In England, an 11-month-old little boy named Charlie Gard with a rare genetic disease is fighting for his life, and fighting for his rights. But his fight is also one for the sanctity of human life for all, particularly the weakest and most vulnerable among us.
The fight to preserve the sanctity of human life has until recently been largely on behalf of the unborn. These unseen, but very human lives dependent on their mothers for nutrition, for breath, and for protection (not unlike their existence outside the womb) have been portrayed as subhuman by the left and therefore undeserving of the same protections that any human outside of the womb receives.
Unfortunately we have a new category of human beings who are being treated as sub-human. Existing outside of the womb no longer guarantees your protection. And Charlie Gard’s death sentence illustrates just that. Thanks to the U.K.’s single-payer healthcare system, Charlie has lost his right to live and his parents have lost their right to protect their child and decide what is best for him. This is not just about the right to life — it is about the freedom of parents to have full control of the well-being of their own children.
Unfortunately, Charlie’s condition had recently deteriorated and he began to suffer from extreme seizures. Charlie’s doctors at Great Ormond Street Hospital in London told his parents there was nothing to do other than to make him as comfortable as possible before he dies. His parents saw it differently. A doctor in the United States reached out and suggested a treatment called nucleoside therapy. Charlie’s Great Ormond Street doctors decided that the experimental therapy wouldn’t cure Charlie and was therefore out of the question since it would only stretch out his suffering before an eventual death.
Legal battles ensued. And public support for Charlie launched in the from of petitions and crowd funding at overwhelming numbers. The case went all the way up the ranks of the British legal system and then, on final appeal, to the European Court of Human Rights, which refused to overrule the hospital. And as a result, Charlie’s life was out of his own hands, out of his parents’ hands, and fully in the hands of the British government and European Courts.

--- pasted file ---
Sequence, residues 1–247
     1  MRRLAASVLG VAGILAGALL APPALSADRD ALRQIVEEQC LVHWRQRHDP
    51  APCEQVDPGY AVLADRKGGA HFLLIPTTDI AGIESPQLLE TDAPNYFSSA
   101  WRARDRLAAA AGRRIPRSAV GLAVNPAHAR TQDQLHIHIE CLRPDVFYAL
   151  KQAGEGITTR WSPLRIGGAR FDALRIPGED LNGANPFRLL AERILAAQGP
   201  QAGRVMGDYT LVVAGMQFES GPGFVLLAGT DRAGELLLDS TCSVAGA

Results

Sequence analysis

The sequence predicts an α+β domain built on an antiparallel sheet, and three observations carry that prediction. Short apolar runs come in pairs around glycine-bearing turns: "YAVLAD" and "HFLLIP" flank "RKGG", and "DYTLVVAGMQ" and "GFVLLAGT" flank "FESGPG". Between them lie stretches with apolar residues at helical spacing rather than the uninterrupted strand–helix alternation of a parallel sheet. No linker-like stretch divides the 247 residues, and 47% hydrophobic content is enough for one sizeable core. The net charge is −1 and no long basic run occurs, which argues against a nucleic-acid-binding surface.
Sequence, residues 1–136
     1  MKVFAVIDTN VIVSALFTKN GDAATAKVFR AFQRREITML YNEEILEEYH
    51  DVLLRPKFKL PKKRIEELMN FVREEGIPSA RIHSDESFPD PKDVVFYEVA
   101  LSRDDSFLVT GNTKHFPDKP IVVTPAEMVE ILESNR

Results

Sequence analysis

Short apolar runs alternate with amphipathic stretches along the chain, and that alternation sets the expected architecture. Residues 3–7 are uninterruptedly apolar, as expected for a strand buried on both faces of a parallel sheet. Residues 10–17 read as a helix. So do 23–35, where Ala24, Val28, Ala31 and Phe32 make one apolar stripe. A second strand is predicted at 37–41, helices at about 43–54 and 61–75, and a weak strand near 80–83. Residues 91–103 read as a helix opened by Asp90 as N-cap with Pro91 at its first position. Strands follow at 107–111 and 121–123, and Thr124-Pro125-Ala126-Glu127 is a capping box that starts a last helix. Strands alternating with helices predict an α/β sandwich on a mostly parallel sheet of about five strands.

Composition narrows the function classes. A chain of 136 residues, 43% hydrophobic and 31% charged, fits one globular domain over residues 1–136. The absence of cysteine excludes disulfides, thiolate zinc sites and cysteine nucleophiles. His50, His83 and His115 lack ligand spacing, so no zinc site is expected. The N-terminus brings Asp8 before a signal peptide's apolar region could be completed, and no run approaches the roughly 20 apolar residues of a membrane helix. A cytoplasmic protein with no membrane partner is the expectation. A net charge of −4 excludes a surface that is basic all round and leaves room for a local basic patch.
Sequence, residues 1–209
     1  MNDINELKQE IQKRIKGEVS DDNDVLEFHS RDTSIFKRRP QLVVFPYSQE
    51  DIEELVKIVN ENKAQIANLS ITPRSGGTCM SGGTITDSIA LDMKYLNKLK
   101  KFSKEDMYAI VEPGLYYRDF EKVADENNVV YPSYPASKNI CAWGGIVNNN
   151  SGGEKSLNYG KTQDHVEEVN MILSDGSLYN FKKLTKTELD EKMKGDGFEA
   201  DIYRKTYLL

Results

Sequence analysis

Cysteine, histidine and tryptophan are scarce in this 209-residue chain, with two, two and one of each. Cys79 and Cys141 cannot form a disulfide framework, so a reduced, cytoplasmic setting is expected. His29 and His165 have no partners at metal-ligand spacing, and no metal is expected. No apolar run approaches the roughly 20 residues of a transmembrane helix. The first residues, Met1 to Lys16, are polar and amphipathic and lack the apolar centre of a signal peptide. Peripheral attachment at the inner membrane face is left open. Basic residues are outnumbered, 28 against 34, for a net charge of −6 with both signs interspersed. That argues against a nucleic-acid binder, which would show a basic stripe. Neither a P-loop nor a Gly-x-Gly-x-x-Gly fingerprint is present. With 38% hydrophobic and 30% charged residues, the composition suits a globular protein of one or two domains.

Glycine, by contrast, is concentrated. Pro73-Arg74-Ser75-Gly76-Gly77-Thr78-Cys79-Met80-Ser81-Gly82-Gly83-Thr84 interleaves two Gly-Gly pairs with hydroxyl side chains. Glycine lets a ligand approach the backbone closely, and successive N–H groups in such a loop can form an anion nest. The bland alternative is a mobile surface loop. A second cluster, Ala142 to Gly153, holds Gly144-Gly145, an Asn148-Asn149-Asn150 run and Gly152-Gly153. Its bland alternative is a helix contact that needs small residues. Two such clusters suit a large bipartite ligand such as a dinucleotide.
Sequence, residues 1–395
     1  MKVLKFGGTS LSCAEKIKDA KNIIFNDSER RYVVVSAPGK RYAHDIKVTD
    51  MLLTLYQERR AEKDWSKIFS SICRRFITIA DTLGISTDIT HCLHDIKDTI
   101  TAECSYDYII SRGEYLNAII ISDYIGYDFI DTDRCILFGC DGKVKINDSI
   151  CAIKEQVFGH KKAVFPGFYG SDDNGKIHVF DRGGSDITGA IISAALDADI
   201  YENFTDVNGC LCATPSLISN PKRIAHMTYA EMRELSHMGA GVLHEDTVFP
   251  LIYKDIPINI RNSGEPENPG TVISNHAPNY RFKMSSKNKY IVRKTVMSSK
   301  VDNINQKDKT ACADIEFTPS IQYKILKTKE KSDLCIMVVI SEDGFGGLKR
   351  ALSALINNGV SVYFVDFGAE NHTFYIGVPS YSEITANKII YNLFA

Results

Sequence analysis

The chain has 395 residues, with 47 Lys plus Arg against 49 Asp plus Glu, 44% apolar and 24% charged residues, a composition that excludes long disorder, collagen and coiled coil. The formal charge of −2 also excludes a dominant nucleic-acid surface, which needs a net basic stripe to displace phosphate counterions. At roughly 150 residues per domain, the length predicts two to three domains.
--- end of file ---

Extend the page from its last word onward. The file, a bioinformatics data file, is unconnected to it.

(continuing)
And herein lies the problem. You see, when a country like the U.K. moves to a single-payer health care system, health care becomes something that is not care at all, but a cost-effective “health care” system run by the government. Decisions about a patient are not made based on caring for that individual, but what is most cost-efficient for that system.
Suddenly it seems as though Tea Party Conservatives were not so crazy when they voiced concern over so-called “death panels” as a result of a single payer health care system. It’s not so nuts to assume that government run health care in our own country could result in other cases like Charlie Gard’s. We now live in a culture that undermines our very humanity, where cost efficiency trumps the sanctity of life.
This is the culture of death, and it has truly lost all subtlety.